by Polly

Did you ever say to yourself, "You know what, self? I sure would like to play a better looking, better playing, better sounding Secret of Mana, but I also want its story, world and characters to be just as dry and uninspired as Secret of Mana's!Well, chin up, bucko, because ol' Polly's got yer ticket right here! 


Part...well...I guess TWO of my, "I'm gonna play Ys games till I'm buttfuckingly sick of them," campaign took place this past week when I woke my PSP from the dead (by means of a sacrificial ritual in my basement) to spend about 24'ish hours trail blazing my way through Ys SEVEN, experiencing pretty much everything it has to offer. 


The thing that really jumped out at me fresh off the starting line is just how content and confident the game is about telling its wondrously mundane and cliche'd to death story. I knew I was going to be in for a grating narrative experience when thirty minutes into the adventure, its equally lackluster cast of characters had already delivered the phrases, "Chosen One," "Dragon Warrior," and "Dragon Energy" with the straightest of faces and deadly seriousness. I've eaten dry steak that had more creativity, and I'm baffled at how someone churned out a script as long as this game's is (the longest in the series' history!) with it being so chock-full of what I'd call the most laughable tropes of the genre. Seriously, the only thing missing is that Adol isn't an amnesiac in the beginning. 

There's nothing wrong with predictable and simple stories. The LUNAR series is a shining example of taking simple ideas of a "Chosen One" and a love story and fleshing them out with great characters and suspenseful moments. Ys SEVEN's story is content in being merely a vehicle to move you along to the next dungeon, but the problem is boring characters drone on and on in those moments and their text almost seems copy and pasted from one scene to the next. I can't count the number of times I was warned by the next new character to enter the stage that "The next area is full of nasty monsters! Nastier than you've faced before! You'd better be careful." It's interesting that a series so rooted in its simplicity tried to take a deeper, more narrative-focused route with its story. Evolution of ideas is always good, but Ys SEVEN's snore-fest of a story is proof that evolution doesn't always come quite as easily as one may hope.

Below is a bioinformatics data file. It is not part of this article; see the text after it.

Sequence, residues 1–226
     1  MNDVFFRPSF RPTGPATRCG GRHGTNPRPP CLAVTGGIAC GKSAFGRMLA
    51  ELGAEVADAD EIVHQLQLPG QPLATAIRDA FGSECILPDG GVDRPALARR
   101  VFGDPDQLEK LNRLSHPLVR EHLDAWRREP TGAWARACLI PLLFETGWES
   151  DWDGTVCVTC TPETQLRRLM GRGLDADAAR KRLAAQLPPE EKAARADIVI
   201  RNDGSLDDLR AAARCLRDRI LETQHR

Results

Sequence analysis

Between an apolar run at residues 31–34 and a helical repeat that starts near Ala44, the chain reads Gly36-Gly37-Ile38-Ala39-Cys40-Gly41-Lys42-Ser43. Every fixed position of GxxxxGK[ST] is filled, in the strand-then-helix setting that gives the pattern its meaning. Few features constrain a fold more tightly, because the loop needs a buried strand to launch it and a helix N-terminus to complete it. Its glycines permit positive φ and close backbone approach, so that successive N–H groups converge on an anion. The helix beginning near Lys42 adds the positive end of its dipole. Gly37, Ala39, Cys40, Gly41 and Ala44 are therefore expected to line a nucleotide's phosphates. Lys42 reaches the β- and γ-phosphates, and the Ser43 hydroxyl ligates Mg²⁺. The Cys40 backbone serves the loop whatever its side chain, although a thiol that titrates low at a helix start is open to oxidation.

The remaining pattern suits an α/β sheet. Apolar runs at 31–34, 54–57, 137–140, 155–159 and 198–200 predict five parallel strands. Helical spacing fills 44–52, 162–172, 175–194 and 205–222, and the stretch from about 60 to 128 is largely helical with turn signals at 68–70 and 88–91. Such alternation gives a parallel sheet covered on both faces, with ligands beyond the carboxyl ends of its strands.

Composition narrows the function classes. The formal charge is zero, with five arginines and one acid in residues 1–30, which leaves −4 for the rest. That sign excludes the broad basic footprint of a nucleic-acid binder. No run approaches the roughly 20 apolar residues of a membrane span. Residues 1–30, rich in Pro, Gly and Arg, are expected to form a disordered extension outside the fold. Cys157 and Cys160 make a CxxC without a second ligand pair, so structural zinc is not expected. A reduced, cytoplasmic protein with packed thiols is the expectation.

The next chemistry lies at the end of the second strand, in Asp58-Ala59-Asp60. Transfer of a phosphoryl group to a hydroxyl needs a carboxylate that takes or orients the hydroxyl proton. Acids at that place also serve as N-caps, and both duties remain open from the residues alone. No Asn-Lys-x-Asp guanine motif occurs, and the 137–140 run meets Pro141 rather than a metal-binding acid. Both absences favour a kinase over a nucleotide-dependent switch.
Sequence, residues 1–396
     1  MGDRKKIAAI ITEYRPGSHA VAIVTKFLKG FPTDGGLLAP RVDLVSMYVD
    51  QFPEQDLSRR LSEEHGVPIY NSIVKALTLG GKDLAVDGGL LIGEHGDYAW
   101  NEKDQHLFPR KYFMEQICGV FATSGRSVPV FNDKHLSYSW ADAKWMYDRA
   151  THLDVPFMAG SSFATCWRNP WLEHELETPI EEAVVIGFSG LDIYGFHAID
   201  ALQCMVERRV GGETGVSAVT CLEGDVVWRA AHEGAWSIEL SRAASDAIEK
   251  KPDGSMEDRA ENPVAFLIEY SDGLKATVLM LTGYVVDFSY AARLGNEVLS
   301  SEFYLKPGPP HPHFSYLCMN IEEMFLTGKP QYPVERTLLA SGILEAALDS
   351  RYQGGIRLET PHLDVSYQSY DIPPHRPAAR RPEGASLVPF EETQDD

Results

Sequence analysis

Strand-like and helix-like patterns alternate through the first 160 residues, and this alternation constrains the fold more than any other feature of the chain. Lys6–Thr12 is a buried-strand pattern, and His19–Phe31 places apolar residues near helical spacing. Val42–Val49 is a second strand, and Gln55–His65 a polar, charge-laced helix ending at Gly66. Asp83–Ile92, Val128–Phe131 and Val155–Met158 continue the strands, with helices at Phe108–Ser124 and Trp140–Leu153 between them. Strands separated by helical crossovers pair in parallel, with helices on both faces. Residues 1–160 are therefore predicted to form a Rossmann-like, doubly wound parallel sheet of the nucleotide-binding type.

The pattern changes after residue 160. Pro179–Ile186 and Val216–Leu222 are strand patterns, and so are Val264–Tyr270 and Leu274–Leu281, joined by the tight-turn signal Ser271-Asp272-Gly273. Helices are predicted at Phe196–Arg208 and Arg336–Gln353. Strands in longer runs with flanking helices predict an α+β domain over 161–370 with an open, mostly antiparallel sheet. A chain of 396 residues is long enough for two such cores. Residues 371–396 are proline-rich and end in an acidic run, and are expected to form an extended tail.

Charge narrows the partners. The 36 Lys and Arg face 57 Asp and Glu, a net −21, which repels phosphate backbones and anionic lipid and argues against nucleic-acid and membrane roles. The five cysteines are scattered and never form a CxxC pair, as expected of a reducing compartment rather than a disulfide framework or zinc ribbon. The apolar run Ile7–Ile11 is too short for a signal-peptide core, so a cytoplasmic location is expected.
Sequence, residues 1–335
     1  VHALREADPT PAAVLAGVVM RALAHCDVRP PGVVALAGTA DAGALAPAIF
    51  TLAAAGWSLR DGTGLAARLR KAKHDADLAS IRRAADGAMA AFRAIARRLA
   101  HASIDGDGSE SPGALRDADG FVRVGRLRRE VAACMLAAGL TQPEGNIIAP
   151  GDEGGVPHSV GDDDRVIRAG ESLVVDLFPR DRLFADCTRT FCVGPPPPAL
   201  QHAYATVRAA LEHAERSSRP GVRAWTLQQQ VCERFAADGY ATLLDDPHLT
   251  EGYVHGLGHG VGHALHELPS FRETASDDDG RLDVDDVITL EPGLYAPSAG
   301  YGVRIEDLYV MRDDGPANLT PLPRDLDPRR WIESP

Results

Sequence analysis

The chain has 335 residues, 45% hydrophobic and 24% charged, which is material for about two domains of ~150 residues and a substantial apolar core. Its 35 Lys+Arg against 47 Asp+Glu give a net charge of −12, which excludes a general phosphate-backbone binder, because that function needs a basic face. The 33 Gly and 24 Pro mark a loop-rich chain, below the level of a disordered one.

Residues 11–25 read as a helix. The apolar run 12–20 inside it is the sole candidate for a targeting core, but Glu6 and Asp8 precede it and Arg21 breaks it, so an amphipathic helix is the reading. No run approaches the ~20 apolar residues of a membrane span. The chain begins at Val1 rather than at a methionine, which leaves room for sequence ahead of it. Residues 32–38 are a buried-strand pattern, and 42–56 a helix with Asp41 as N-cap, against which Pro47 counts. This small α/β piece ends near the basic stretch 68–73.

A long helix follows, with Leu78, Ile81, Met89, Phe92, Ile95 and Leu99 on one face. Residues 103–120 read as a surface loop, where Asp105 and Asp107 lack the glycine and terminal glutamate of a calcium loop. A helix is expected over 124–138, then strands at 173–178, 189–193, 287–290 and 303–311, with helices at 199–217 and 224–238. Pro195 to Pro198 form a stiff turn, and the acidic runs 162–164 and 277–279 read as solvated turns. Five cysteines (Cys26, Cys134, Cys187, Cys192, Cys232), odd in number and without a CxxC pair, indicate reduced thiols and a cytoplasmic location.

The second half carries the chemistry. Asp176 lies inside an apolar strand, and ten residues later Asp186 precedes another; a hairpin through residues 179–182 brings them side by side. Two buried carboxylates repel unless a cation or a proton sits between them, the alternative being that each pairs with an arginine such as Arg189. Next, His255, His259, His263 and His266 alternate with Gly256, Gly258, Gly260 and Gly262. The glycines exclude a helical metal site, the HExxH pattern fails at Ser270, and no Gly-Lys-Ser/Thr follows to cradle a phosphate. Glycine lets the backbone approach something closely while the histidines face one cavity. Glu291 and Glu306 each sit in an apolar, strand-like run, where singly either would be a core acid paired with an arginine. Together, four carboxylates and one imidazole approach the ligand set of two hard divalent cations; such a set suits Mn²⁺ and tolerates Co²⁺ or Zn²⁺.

Thankfully, with the narrative being so dry, Ys SEVEN takes after its more recent predecessors and holds up where it counts:  The part where you play it. Combat is fluid and dynamic in a manic hack and slashy way that you want, and it's always satisfying to see enemies explode into oodles and oodles of goodies to pick up. Though dungeons take on every trope ever covered in a JRPG (water dungeon, fire dungeon, earth dungeon...blah blah blah...), they're laid out well enough and have decent enough gimmicks to keep one entertained between all the X-button mashing. 

This time around, Adol is joined in combat by up to two AI-controlled buddies of your choosing, and in the heat of combat you'll have to be swapping between all three combatants on the fly to stay on top of enemy weaknesses. The game employs a simple system of three basic types of attack (slashing, piercing, and striking) to make sure you're not always just parked on slashing away at things as the only red haired swordsman in the world. The "Flash Guard" mechanic adds a bit of  depth for more defense-minded players, allowing those with tight reflexes to completely negate an enemy's attack if timed properly, or eat double damage if you flub it up, providing excellent risk vs reward moments for those that wanna REALLY learn the game.